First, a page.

STORY: Bill Fliris has lived in the remote village of Tanana, on the banks of Alaska's Yukon River, for the past 25 years. Each summer, he catches king salmon weighing 30 pounds or more. The fish feed himself and his family. But over the years, he's watched firsthand as fewer and fewer salmon returned from the sea to spawn. Scientists can't explain the declines, and clues are hard to come by. Now, it turns out that a salmon Fliris caught one day in 1986 may hold at least some of the answers.
FLIRIS: "My wife and I both noticed it. We had this particular fish that was different than the rest. This fish had a funny smell to it. Next year, though, we found a few more of those fish. The year following that, we were actually catching quite a few, and they all had the peculiar smell. It wasn't a rotten smell, but a vegetable smell."
At first, Fliris didn't make too much out of the odd-smelling fish. But within a few years, a quarter of the king salmon he caught each summer smelled funny. The fish had other problems as well.
KOCAN: "Indeed, these fish had Ichthyophonus."
Kocan says Ichthyophonus is common in fish all over the world. But it had only rarely shown up in Yukon River salmon. The parasite can be deadly to salmon, but isn't harmful to people. Last summer, using funds from the U.S./Canada Salmon Treaty, Kocan traveled to Alaska and examined king salmon caught from the river's mouth at the Bering Sea to its headwaters 1,500 miles upstream near Whitehorse, Yukon Territory, Canada.
KOCAN: "And what we found was that as they enter the river as they return to spawn, about 30 percent of the fish were infected. But they didn't show any signs of disease. As they moved up the river, by the time they got to Tanana, about 20 percent of the fish showed clinical signs of disease. And this is where Bill Fliris was seeing these sick fish. By the time they reached Circle and Dawson, all of the infected fish, for all practical purposes, showed clinical signs of disease. They had spots on their liver and in their meat and all over the place."
KOCAN: "It's probably not the major cause, but I think it could be a contributing cause. This is a hypothesis, but if we're correct that these fish are dying before they reach the spawning grounds, and they are not spawningthen this could mean that for at least the last ten years they may have had 30 percent fewer fish on the spawning grounds than they predicted."
This summer, Kocan and researchers from the United States Fish and Wildlife Service plan to examine salmon on the spawning grounds along the upper Yukon. Meanwhile, other questions remain, such as how the salmon became infected in the first place.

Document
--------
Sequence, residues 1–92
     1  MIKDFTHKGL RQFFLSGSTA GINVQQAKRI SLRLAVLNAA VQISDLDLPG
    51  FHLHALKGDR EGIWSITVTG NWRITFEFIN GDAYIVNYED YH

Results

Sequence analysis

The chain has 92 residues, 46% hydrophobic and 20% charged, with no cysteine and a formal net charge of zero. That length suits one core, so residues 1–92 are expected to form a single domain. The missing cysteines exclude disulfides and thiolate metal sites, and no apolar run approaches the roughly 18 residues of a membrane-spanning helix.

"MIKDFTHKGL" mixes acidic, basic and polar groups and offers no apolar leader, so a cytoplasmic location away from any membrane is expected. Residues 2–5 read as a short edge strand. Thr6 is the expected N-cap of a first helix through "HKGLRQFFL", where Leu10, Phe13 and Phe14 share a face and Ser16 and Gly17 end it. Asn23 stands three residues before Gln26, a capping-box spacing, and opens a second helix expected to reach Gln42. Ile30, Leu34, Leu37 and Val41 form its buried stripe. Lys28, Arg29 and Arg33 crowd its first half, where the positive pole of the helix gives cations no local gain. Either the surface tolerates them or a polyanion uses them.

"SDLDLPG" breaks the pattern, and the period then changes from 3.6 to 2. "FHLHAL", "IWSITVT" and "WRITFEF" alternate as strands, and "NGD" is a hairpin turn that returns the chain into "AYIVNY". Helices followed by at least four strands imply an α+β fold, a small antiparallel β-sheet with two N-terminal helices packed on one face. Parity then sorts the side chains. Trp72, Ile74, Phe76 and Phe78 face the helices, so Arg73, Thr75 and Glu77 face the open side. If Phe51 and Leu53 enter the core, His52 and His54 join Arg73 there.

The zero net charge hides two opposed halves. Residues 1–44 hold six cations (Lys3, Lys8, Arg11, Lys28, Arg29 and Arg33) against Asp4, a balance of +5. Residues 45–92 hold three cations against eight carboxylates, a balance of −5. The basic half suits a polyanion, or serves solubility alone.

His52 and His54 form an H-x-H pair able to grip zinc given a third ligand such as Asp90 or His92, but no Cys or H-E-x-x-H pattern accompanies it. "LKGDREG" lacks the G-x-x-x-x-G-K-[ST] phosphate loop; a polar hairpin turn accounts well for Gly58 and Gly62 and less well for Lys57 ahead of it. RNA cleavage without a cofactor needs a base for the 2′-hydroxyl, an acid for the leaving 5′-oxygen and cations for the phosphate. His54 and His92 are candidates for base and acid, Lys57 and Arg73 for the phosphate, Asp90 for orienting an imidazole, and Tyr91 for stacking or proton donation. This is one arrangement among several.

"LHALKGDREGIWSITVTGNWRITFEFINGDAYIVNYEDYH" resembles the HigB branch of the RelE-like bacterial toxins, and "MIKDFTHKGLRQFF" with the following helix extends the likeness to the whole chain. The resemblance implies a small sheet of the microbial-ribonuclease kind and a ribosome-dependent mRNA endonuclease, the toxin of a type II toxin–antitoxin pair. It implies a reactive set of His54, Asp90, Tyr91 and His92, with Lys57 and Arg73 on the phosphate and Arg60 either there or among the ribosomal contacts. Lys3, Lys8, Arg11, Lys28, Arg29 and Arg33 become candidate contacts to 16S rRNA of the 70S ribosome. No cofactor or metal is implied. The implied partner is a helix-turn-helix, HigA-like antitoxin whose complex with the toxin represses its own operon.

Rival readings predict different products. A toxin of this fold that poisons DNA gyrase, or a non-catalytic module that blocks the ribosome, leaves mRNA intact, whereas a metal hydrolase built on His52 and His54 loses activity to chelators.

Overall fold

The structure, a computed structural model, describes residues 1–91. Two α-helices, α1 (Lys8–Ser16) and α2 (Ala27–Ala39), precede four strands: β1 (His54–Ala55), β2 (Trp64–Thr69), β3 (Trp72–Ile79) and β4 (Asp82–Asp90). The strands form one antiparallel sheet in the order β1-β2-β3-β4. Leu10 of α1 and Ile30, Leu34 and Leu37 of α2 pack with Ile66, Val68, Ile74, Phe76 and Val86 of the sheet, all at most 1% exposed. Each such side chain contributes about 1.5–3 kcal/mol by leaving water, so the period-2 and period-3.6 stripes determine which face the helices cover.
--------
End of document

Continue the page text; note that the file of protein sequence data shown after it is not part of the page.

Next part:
KOCAN: "We don't know. They could be infected either in freshwater before they leave, or they could be infected when they're at sea."
Not everyone believes disease is to blame for the crash. Gene Sandone, regional supervisor with the Alaska Department of Fish and Game, says chum salmon runs on the riverwhich have much lower rates of infectionalso have plummeted, and that salmon stocks throughout western Alaska are in trouble.
SANDONE: "We know for sure that the parent years of these salmon returningboth king and chumwere good. Now we're seeing extremely poor production from these parent years, and the one thing we can point to is poor ocean survival. We don't think it's a problem within freshwater. We think the problem is out in the ocean."
Sandone says because of the river's salmon declines, his agency may restrict king salmon harvests for subsistence food, and that there likely won't be any commercial fishing on the Yukon River this summer.
OUTRO: This is Arctic Science Journeys Radio, a production of the Alaska Sea Grant Program and the University of Alaska Fairbanks. I'm Doug Schneider.
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Thanks to the following individuals for help preparing this script:
Bill Fliris, Yukon River fisherman
Dr. Richard Kocan, Professor
Gene Sandone, Regional Supervisor
Dan Albrecht, Executive Director
Jude Henzler, Executive Director
Dave Daum, Fisheries Biologist
Arctic Science Journeys is a radio service highlighting science, culture, and the environment of the circumpolar north. Produced by the Alaska Sea Grant College Program and the University of Alaska Fairbanks.
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Related Web sites
Marine parasite infects Yukon River king salmon (Anchorage Daily News 1/28/04)
2004 Ichthyophonus Final Report to U.S. Fish and Wildlife Service Office of Subsistence Management